This article investigates how director Valeria Anderson constructed heroes in the documentaries she directed between 1960 and 1985. It also asks how far one could go with social criticism in the post-Stalinist/pre-Perestroika era, how pointed the revelations of economic disorder could be, and what rank of leadership could be blamed for the occurrences of these problems. The article concentrates on the documentaries made by Valeria Anderson that depict positive heroes sacrificing their personal interests for the good of the homeland. The narratives are examined by using discourse analysis.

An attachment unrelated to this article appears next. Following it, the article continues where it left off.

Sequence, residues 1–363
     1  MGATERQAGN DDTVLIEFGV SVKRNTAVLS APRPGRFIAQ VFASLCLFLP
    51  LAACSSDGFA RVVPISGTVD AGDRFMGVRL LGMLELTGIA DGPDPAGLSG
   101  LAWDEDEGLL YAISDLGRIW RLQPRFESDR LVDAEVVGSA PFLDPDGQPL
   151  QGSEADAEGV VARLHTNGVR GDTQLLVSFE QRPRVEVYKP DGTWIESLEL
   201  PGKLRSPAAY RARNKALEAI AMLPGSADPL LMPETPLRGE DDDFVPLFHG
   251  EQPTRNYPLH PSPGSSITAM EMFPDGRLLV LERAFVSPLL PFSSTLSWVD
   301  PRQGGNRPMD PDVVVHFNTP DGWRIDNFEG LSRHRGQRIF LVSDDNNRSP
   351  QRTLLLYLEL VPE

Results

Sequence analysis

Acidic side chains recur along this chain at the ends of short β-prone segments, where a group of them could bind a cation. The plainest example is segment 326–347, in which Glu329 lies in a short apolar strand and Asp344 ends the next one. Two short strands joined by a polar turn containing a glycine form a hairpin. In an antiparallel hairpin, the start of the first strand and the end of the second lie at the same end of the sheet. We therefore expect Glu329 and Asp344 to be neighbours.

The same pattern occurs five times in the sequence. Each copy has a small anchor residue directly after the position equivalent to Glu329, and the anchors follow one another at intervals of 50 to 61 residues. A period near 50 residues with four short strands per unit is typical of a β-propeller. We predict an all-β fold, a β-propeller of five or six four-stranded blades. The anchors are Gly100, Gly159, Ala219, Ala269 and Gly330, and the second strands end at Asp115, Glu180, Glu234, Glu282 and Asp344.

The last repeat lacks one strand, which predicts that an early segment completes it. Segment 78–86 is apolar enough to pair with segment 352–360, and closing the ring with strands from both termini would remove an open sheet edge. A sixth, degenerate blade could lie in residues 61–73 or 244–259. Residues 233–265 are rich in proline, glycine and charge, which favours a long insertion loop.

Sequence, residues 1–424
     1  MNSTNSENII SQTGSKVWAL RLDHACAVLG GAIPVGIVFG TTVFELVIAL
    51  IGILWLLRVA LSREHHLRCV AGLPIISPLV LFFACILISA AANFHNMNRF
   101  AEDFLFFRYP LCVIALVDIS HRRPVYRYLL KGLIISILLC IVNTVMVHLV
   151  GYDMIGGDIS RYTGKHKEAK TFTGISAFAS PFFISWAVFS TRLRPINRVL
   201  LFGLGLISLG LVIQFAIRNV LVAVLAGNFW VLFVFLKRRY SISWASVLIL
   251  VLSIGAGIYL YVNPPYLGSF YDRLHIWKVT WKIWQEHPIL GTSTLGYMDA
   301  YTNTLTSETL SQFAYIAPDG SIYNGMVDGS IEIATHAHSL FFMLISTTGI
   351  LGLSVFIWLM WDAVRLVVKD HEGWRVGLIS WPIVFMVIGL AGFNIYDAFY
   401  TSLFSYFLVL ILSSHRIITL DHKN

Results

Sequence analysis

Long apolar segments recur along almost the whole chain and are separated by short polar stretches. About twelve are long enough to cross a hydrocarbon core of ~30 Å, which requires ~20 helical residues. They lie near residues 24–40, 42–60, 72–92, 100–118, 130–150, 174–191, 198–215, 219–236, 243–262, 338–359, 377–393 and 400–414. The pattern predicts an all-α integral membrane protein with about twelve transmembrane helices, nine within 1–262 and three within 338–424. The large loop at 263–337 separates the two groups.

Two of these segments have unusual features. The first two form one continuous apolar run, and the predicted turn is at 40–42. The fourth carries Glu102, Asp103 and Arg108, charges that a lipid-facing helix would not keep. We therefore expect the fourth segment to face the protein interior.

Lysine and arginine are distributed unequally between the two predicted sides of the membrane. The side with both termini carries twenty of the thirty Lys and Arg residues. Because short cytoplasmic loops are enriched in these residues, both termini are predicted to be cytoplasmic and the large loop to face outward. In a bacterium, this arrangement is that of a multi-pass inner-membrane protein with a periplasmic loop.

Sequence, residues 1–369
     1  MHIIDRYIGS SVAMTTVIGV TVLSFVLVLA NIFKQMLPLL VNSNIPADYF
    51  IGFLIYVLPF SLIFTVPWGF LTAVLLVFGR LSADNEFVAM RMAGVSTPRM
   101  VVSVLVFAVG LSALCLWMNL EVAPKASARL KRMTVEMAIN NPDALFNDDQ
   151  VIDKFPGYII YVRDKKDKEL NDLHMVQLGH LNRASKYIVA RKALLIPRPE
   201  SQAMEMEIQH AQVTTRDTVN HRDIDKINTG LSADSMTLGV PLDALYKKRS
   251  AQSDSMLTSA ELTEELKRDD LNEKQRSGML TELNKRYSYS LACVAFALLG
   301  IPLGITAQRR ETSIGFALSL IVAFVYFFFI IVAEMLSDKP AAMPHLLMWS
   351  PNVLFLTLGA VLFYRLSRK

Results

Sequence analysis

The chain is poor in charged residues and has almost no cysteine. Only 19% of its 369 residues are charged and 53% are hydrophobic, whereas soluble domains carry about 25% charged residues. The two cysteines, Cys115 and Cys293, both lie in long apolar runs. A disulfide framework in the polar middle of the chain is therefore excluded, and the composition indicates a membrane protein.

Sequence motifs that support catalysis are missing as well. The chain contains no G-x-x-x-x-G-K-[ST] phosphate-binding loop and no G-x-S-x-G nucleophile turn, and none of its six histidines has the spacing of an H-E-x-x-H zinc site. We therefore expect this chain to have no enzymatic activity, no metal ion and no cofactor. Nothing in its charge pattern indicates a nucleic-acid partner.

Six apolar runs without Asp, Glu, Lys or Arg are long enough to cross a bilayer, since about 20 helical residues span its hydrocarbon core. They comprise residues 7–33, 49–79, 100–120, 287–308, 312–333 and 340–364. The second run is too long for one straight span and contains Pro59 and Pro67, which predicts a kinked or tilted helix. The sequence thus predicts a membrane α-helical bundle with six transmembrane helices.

This article aims to find out how Soviet Estonian documentaries constructed the national discourse in the 1960s, by focusing on the case of the 10-minute documentary Ruhnu (1965) by Andres Sööt. Ruhnu was the first Soviet Estonian documentary released after World War II that romanticised Estonian nationalism. In order to narrate the national ideals considered undesirable by the official ideology, the Soviet Estonian filmmakers often chose to portray characters embedded in the national consciousness as archetypal heroes from pre-Soviet times and the landscapes associated with them. In the desire for past times, national heroes and idealised landscapes were constructed and naturalised in a contemporary context. The article raises the question - what kind of heroes, landscapes and activities were used to construct the national identity and which elements of film language were used? The research method used, critical discourse analysis, allows us to analyse the archetypes created in the documentary and the archetypal landscapes used as a framework for the narrative.